Born: January 16, 1872; Toulouse, France
Died: December 30, 1973; Paris, France
Henri Büsser, sometimes referred to as Paul-Henri Büsser, was a significant and very long-lived French composer, conductor, arranger, and educator. After formative training at the Ecole Niedermeyer under Alexander George, in 1889 Büsser went to Paris and attended the Conservatoire, studying with Ernest Girard, Gounod, Franck, and Massenet. Gounod helped Büsser obtain the post, in 1892, as organist at Saint Cloud, a positionRead more Büsser held until 1921. In 1893, Büsser won second place honors for his Prix de Rome cantata Antigone, and shortly thereafter became a choral conductor at the Opéra-Comique in Paris. Büsser assumed direction of the chorus from Messager in the first production of Debussy's Pelléas et Mélisande in 1902. Though Debussy found fault with Büsser's direction, the two became fast friends and Büsser's orchestration of Debussy's early Petite Suite is his most frequently revived orchestral score.
In 1905, Büsser assumed the post of chief conductor at the Grand Opéra, which he held until political difficulties forced him to resign in 1939. He began teaching at the Paris Conservatoire in 1904, but was not made a full professor until 1931; Büsser held onto that job until 1948. Büsser was made music director of the Opéra-Comique in 1939, but held it only for two seasons; negative remarks about Richard Wagner attributed to Büsser mysteriously appeared in a Paris daily and he was dismissed. His post at the Grand Opéra, however, was restored to him at war's end and he held it until 1951. In 1958, at age 86, Büsser married legendary French diva Yvonne Gall; he was 12 years her senior, and yet would outlive her by a year. The occasion of Büsser's 100th birthday in 1972 was widely observed in France, celebrated with concerts and exhibitions in Paris; he died near the end of 1973 at the age of 101.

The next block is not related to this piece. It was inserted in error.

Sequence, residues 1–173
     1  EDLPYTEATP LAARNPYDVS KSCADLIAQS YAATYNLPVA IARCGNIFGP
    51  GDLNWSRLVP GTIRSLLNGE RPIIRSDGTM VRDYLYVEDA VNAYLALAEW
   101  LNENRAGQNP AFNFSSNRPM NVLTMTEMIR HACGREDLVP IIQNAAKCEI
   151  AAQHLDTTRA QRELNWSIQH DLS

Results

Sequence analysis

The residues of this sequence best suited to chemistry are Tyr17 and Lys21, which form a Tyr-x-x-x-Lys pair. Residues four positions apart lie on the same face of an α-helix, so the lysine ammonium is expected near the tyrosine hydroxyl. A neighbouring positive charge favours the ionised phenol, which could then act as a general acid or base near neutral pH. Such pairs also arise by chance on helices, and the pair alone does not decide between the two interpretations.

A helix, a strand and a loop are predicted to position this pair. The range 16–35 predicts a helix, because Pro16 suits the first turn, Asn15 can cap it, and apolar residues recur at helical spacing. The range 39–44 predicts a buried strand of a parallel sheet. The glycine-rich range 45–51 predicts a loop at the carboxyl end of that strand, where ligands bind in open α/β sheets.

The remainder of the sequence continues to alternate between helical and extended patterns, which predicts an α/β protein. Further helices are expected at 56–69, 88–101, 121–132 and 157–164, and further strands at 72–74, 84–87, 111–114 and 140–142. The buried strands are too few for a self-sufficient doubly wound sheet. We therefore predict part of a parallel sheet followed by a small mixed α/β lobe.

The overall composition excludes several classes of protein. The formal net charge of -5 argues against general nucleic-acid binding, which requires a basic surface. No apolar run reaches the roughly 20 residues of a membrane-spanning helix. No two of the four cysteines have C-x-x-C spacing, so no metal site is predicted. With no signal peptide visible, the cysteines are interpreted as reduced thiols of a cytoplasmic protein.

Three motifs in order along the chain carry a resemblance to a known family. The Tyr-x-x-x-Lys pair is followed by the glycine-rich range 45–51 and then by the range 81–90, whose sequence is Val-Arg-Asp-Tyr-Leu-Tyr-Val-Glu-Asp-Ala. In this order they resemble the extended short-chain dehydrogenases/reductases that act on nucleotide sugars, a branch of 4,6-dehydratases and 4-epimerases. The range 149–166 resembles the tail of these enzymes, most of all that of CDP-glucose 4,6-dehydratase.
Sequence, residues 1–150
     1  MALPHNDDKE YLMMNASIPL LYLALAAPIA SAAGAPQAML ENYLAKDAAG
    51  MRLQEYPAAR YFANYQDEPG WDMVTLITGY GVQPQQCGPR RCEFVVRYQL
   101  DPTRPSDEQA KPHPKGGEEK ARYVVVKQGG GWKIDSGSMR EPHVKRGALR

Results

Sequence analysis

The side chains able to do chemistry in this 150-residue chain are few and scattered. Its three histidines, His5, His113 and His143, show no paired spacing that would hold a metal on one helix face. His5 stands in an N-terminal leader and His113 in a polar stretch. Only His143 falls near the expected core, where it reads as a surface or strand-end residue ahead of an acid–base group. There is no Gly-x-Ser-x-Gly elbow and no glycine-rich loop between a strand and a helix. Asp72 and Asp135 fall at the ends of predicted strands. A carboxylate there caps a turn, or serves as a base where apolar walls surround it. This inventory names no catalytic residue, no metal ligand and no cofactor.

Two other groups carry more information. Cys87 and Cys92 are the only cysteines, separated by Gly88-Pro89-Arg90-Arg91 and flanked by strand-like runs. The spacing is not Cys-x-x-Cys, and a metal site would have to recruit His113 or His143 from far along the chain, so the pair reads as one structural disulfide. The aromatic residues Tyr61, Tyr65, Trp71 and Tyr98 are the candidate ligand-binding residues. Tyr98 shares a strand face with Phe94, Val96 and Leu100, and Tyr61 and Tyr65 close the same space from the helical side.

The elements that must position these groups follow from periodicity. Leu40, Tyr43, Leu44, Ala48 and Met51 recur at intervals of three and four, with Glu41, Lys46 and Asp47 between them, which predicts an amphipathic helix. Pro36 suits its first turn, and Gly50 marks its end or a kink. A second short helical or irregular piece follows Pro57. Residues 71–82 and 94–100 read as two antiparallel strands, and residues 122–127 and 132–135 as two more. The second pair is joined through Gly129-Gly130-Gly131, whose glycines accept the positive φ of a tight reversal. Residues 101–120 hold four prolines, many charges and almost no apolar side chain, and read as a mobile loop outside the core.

Debussy assisted Büsser in composing what is likely his most advanced, ambitious, and popular stage work, the opera Colomba (1902-1910), which nonetheless was not premiered until 1921, three years after Debussy died. Büsser did adopt some aspects of impressionistic style and made expert use of them, but he remained essentially beholden to the post-romantic ethos of Franck and Massenet; some of his latest music betrays the influence of Gounod and even Wagner. It is undeniably attractive music, and while Büsser remains best-known in France, certain works have managed to travel, particularly his Le messe de Domrèmy á la gloire de Ste Jeanne d'Arc (1949), scored for four trumpets, chorus, and organ. Büsser also made countless arrangements of works of other composers, edited two volumes of music by Rameau (in collaboration with Paul Dukas), and completed Bizet's unfinished opera Ivan IV, also known as "Ivan the Terrible." Read less
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